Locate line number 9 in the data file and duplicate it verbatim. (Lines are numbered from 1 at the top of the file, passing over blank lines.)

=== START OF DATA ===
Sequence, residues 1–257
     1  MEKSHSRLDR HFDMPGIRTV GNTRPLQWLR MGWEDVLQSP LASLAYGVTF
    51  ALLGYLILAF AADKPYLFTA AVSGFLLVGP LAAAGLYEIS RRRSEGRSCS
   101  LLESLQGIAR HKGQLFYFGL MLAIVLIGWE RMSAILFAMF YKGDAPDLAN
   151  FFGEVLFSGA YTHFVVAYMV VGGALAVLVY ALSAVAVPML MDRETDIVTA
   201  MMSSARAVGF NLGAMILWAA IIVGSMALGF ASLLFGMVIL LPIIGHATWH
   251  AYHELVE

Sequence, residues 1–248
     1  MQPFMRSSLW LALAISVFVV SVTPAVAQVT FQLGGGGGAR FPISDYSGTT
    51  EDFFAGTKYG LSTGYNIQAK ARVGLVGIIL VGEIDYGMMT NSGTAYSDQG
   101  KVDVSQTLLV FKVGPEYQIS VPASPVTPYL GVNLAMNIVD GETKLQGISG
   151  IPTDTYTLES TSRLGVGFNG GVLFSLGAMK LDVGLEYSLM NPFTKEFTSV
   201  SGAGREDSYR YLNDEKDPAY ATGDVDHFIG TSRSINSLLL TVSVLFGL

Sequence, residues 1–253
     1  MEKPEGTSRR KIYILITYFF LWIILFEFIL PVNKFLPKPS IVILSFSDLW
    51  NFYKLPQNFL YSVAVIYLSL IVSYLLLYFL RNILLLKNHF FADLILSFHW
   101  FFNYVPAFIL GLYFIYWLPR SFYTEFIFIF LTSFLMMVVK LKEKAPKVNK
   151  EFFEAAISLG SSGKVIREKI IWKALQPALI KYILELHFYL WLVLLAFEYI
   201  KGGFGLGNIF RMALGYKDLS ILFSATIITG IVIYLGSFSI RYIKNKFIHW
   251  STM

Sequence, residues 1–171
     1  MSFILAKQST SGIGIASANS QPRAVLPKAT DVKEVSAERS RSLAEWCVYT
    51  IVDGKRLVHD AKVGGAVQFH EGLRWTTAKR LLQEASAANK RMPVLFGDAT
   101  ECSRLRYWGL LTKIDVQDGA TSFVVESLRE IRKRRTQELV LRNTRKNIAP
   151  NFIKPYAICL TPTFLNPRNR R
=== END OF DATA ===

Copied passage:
     1  MQPFMRSSLW LALAISVFVV SVTPAVAQVT FQLGGGGGAR FPISDYSGTT